That’s Not a Word We Use

Wood Badge is (are) TWO words. Both words are capitalized.

The Gilwell Song

The Gilwell Song is always sung with gusto if not much harmony, and always in the same order by patrol, with Beavers first (then Bob White – Eagle – Fox – Owl – Bear – Buffalo – Antelope [and Staff]). Besides the typical eight Wood Badge patrols, you may sometimes have Wood Badgers who were Wolves, Ravens, Explorers, or others. The verse for Explorer Wood Badge is quite different – see your songbook.  Typically members of a patrol will link arms (around shoulders) while singing their verse, then join the other patrols, so that at the end everyone is together.  We do not change the song, and we don’t dance nor clap nor stamp our feet. That’s tempting sometimes, but we don’t.  If there are people present who have not gone to Wood Badge, then the senior patrol leader or other appropriate Scouter might invite them to stand and sing with a friend or family member, or to be inside the circle.

In the Gilwell Song, remember AND. We sing “I used to be a Squirrel [or whatever] AND a good old Squirrel, too.”  Got it?  “And.”

Wood Badge is Not the End

“The Gilwell scarf does not entitle you to consider yourself as a thing apart. Your Troop or District must as much as ever command your first allegiance.” ~ Baden-Powell, in the Headquarters Gazette of October 1923.

Wood Badge is for the rest of your life. Work your Ticket right away, of course. Try to finish within six months or maybe nine. You are allowed to take up to 18 months, but try not to take that long. You know how Scouts have to get Eagle by age 18? Well, you have to finish your Ticket by 18 (months).

Do it;

Do it right;

Do it right now.


Contact your Troop Guide if you have problems, need to change a Ticket goal, or just want to chat.

The lessons you learn at Wood Badge never end. They are with you for the rest of your life.

Random Bits of Wisdom

“Don’t let the technical outweigh the moral. Field efficiency, backwoodsmanship,  camping, hiking, good turns, jamboree comradeship are all means, not the end. The end is character – character with a purpose.”

~ Baden-Powell, The Scouter magazine, March 1939

“Stick to your Scout Promise always – even after you have ceased to be a boy – and God help you to do it.“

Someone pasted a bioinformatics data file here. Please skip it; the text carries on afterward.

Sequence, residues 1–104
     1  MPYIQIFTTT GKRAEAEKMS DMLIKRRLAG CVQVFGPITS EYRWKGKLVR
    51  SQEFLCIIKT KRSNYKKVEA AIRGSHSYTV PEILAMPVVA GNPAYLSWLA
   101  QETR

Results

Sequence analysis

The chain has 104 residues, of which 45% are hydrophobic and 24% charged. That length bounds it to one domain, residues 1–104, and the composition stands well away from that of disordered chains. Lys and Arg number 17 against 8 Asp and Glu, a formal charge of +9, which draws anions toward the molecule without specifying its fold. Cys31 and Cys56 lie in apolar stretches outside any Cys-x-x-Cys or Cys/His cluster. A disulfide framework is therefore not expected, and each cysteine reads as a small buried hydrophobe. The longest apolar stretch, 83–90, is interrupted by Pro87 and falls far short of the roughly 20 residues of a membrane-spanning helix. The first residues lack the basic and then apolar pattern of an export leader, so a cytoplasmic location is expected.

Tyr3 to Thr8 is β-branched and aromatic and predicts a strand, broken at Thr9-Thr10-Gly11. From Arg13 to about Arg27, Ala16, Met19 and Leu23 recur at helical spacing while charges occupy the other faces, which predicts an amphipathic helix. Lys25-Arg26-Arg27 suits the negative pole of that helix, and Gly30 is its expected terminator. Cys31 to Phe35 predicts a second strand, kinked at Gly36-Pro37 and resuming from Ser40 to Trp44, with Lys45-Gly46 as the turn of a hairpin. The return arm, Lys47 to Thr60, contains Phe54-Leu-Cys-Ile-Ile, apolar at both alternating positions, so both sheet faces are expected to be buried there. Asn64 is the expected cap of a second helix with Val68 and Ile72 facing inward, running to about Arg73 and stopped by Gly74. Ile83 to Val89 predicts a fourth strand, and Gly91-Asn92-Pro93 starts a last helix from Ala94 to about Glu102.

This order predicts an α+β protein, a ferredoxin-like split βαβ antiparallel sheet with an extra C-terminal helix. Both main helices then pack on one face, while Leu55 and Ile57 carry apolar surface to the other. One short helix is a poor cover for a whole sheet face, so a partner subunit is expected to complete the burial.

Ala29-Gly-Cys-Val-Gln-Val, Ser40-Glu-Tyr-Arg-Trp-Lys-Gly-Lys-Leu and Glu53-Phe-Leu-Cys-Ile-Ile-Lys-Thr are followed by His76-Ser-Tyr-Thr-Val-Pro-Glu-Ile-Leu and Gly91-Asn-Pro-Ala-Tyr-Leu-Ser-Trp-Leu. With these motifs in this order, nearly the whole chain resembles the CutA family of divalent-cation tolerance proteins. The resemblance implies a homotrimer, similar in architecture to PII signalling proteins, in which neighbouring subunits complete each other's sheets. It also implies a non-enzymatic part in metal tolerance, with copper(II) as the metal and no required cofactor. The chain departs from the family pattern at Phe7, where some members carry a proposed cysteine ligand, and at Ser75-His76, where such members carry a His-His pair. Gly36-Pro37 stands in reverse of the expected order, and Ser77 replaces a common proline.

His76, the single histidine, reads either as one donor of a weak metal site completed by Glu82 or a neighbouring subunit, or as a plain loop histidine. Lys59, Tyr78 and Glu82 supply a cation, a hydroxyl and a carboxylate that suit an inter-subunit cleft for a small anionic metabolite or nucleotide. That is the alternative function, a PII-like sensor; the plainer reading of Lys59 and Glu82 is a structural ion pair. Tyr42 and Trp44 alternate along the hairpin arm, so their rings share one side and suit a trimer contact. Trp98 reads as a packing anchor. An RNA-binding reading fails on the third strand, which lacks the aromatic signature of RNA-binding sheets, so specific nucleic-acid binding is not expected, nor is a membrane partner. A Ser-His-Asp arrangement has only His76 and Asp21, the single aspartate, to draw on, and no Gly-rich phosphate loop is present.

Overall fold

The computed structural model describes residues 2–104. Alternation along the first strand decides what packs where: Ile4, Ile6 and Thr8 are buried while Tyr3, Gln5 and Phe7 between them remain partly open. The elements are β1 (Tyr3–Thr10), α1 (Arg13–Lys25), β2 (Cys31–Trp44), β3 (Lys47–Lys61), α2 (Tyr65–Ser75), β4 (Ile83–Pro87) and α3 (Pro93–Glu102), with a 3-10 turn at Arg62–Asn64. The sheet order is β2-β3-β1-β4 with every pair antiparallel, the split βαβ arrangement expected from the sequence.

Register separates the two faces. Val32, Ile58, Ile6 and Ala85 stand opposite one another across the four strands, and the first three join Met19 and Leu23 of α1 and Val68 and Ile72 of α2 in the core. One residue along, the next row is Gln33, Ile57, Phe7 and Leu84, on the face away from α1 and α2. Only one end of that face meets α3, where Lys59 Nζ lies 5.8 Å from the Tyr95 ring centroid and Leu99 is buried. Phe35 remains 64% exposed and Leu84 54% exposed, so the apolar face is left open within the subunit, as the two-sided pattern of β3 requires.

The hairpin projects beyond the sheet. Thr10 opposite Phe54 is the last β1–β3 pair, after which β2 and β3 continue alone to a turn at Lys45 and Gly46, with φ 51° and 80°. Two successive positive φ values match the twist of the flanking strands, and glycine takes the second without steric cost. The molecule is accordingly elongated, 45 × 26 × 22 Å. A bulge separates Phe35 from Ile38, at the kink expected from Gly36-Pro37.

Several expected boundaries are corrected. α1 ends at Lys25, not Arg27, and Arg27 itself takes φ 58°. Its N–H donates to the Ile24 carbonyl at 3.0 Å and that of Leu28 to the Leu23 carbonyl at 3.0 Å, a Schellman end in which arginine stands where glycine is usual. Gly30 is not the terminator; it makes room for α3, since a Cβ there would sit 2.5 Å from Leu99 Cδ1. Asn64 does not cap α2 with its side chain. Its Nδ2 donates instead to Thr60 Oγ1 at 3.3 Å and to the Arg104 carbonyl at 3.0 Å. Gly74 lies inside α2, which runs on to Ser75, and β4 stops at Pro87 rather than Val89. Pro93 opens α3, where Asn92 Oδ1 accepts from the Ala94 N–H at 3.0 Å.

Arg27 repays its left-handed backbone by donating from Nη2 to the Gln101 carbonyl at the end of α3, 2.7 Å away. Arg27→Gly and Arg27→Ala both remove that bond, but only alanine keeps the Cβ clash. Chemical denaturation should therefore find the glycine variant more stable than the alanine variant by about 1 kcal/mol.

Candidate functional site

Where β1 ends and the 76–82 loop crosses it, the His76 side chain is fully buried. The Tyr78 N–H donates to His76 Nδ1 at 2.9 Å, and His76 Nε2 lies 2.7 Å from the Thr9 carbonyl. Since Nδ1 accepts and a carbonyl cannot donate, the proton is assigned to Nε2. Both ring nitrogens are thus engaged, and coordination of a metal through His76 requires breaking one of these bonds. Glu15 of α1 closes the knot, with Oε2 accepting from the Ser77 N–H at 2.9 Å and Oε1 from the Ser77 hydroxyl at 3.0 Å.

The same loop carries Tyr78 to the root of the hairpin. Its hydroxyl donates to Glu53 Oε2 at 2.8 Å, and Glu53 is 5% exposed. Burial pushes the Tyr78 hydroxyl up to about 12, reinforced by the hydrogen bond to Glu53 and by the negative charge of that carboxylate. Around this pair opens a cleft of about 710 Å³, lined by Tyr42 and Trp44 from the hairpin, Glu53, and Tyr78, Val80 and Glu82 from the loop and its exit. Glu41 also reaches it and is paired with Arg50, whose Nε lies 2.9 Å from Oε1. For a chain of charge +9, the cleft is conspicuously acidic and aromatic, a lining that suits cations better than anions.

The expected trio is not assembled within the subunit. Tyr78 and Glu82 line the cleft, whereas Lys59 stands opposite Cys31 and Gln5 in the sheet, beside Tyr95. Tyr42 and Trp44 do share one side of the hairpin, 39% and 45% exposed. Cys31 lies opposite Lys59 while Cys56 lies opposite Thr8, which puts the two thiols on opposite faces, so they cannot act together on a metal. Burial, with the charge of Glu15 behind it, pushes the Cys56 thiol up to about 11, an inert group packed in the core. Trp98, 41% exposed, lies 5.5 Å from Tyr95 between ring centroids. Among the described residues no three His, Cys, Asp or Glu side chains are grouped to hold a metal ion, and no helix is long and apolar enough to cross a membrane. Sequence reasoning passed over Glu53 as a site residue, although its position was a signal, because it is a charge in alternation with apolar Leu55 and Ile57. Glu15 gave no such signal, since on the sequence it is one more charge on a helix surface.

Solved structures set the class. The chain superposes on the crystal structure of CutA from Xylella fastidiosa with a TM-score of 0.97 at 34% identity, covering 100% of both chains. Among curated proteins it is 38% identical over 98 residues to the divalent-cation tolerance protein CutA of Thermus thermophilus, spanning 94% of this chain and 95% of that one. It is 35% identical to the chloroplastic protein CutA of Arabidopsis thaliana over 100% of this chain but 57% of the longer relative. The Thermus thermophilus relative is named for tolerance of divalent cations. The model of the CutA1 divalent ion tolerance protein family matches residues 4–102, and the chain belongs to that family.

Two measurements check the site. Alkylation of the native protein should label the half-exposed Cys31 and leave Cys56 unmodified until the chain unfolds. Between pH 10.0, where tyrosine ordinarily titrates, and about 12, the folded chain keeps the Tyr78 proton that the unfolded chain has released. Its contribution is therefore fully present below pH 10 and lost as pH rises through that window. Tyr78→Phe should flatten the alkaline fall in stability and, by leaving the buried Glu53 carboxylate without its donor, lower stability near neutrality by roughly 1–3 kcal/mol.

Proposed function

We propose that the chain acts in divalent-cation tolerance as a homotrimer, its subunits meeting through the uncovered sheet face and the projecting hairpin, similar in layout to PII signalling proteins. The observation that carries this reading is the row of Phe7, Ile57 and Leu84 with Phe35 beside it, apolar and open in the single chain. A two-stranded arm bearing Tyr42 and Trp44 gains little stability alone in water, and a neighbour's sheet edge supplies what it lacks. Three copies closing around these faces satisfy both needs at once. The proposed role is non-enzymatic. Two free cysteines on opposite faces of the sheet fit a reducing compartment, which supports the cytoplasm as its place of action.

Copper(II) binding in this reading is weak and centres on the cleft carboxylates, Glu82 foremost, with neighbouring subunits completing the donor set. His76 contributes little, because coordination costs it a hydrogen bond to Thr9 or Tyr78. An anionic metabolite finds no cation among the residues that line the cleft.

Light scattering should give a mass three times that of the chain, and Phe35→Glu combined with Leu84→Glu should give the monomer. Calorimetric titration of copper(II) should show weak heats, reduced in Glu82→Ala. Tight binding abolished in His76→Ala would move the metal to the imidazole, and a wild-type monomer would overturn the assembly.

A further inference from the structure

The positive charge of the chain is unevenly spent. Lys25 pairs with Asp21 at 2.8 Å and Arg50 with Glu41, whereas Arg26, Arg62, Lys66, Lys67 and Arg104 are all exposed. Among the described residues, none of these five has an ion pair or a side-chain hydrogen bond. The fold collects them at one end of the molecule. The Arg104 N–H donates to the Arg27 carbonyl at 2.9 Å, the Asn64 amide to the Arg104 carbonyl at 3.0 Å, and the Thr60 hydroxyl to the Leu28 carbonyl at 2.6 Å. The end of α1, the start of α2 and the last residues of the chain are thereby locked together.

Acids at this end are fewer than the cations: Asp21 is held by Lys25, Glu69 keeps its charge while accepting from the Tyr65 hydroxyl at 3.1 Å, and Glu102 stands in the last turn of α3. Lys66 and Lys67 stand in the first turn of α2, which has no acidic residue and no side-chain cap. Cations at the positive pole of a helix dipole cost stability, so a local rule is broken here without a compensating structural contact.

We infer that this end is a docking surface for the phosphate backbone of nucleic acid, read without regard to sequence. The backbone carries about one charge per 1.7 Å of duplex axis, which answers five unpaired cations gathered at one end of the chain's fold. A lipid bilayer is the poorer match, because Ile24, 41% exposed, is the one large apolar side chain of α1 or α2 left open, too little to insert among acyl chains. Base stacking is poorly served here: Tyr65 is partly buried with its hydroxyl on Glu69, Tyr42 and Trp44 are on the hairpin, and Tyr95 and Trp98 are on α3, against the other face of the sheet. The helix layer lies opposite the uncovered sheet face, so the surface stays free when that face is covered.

~ Last words of Baden-Powell’s Last Message to Scouts

Plan A is a myth.

~ Anon

“I will seek to preserve a cheerful spirit even in the midst of irksome tasks and weighty responsibilities.”

~ From the Order of the Arrow Obligation

“The Scout Law is the foundation on which the whole of Scout training rests.”

~ Baden-Powell, Aids to Scoutmastership, World Brotherhood edition, 1944

“True leadership is the art of changing a group from what is into what it ought to be.”

~ Jan Greene

“It is not enough to be industrious; so are the ants. What are we industrious about?”

~ Henry David Thoreau

“Leadership is not about making yourself more powerful. It’s about making people around you more powerful.”

~ Betty Linton

“It is a commonly quoted saying that ‘Only those can lead who have first learned to obey.’ Yes, but like many truisms it has its limits. I prefer also as a leader the man who has learned to lead.”

~ Baden-Powell, Headquarters Gazette,  June 1918

“Never doubt that a small group of thoughtful citizens can change the world. Indeed, it is the only that that ever has.”

~ Margaret Mead

“The Golden Rule is of no use to you whatever unless you realize it is YOUR move.”

~ Dr. Frank Crane

“If you don’t know where you’re going, you won’t know when you get there.”

~ Variously: Yogi Berra, Lewis Carroll, Cheshire Cat

You have to start from where you are.

~ Anon

I shall be telling this with a sigh, ages and ages hence;

two roads diverged in a wood and I – I took the one less traveled by,

and that has made all the difference.

~ Robert Frost, from The Road Not Taken